African Court heads to Chad for sensitization drive

December 12, 2015 12:19 pm
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The main objective of the sensitization visits is to enhance the protection of human rights in Africa--- Justice Ramadhani. Photo/FILE.
The main objective of the sensitization visits is to enhance the protection of human rights in Africa— Justice Ramadhani. Photo/FILE.
ARUSHA, Tanzania Dec 12 – The African Court on Human and Peoples’ Rights (AfCHPR) will undertake a regional sensitization visit to the Republic of Chad from December 14-16 for the purpose of holding discussions with relevant stakeholders with a view to promoting the Court.

The delegation of the Court will also pay courtesy calls to top Chadian government officials, relevant ministries, Bar Association and the Human Rights Commission.

The seminars will be preceded by a one-day sensitization for senior Chadian Journalists and Editors on 14 December, 2015.
The Mission will be led by the President of the Court Hon Justice Augustino Ramadhani.
Since December 2010, the Court has carried out continent-wide promotion programmes which have so far seen it hold 24 sensitization visits and 9 regional and continental seminars and conferences.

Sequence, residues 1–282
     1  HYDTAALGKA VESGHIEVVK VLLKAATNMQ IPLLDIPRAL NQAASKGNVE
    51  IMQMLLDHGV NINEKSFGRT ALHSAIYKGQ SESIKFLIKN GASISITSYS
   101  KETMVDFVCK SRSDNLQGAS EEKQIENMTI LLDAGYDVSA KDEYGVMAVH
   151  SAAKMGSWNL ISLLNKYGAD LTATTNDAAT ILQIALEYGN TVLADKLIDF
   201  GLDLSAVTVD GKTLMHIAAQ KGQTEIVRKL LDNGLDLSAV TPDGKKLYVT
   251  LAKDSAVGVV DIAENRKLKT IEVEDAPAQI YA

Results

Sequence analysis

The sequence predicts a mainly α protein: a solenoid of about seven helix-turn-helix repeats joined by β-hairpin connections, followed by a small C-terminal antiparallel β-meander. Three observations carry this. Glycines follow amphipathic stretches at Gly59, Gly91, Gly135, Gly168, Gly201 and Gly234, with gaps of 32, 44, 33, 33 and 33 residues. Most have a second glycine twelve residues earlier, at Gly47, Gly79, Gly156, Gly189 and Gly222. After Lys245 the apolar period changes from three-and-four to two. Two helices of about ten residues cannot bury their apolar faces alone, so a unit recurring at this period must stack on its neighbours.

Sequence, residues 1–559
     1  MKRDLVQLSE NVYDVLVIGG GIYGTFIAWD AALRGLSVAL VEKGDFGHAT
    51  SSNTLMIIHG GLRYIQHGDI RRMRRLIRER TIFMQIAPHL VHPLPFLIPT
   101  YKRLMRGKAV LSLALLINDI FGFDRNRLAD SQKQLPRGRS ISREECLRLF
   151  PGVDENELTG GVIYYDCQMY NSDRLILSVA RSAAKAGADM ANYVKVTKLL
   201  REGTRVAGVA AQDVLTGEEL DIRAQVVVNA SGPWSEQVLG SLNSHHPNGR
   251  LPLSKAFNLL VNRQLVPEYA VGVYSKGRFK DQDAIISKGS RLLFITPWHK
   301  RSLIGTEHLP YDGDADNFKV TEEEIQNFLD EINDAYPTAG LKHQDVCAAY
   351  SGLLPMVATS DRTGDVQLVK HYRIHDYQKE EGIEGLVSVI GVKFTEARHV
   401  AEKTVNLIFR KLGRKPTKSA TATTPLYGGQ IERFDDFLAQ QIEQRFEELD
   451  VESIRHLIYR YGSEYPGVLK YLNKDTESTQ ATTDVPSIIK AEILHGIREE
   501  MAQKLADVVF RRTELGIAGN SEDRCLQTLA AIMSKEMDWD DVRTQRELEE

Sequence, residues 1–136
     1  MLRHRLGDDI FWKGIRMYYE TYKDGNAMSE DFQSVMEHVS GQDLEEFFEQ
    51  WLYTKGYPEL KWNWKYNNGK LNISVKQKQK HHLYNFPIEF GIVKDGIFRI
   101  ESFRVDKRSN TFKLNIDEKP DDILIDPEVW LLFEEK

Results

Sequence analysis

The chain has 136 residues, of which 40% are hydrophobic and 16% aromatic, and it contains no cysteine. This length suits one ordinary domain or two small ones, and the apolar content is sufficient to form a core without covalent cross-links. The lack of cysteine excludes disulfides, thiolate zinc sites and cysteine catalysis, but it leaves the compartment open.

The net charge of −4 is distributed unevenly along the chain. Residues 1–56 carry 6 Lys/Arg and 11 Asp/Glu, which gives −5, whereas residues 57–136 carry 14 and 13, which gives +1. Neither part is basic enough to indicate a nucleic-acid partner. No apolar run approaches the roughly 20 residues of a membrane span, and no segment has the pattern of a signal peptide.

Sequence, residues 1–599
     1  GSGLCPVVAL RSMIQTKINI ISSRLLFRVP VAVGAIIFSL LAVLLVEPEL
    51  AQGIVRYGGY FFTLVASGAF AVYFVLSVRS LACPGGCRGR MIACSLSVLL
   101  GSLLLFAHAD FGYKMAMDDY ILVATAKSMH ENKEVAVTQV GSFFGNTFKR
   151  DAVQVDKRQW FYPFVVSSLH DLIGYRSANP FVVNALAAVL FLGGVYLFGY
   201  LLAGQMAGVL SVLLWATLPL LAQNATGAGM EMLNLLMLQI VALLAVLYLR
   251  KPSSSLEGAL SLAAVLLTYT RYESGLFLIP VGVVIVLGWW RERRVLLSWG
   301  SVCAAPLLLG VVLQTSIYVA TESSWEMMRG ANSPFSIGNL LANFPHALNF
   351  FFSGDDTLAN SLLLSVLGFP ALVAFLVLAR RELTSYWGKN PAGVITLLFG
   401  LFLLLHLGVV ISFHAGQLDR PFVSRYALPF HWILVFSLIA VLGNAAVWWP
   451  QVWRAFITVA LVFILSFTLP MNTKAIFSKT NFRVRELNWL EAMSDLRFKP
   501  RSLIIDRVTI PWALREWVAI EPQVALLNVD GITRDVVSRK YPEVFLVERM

“The main objective of the sensitization visits is to enhance the protection of human rights in Africa,” Justice Ramadhani said in a statement.

Specific objectives include raising public awareness about the Court; encouraging the ratification and the deposit of the Declaration under Article 34(6) of the Protocol of the Court that allows individuals and NGOs direct access to the Court; sensitizing would-be applicants on how to access the Court and the procedures before the Court; encouraging the public to utilize the Court in settling human rights disputes and encouraging the utilization of the Court to render advisory opinions.

The African Court on Human and Peoples’ Rights was established by virtue of Article 1 of the Protocol to the African Charter on Human and Peoples’ Rights on the Establishment of an African Court on Human and Peoples’ Rights, to complement the protective mandate of the African Commission on Human and Peoples’ Rights, with a view to enhancing the protection of human rights on the continent.

Since the adoption of the Protocol in June 1998 (more than 16 years ago), twenty nine (29) of the fifty four (54) Member States of the African Union have ratified it, and seven (7) State Parties to the Protocol have made the Declaration under Article 34(6).

The success of the Court as a human rights protection mechanism requires much wider ratification of the Protocol by Member States, as well as their acceptance of the competence of the Court by making the Declaration under Article 34(6). This “universal” ratification will give the Court the legitimacy it needs to effectively discharge its mandate.

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